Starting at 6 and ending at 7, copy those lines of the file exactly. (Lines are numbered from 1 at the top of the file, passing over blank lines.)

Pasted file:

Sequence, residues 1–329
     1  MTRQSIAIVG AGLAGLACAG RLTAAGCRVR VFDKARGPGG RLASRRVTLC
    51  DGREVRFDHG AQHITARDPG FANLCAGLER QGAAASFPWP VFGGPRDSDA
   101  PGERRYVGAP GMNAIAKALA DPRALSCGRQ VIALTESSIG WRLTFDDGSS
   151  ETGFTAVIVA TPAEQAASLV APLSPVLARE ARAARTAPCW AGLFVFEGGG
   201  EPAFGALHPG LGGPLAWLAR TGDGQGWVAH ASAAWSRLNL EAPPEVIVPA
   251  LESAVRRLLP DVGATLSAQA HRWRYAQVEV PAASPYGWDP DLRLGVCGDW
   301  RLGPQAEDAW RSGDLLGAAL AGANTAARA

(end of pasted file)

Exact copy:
   201  EPAFGALHPG LGGPLAWLAR TGDGQGWVAH ASAAWSRLNL EAPPEVIVPA
   251  LESAVRRLLP DVGATLSAQA HRWRYAQVEV PAASPYGWDP DLRLGVCGDW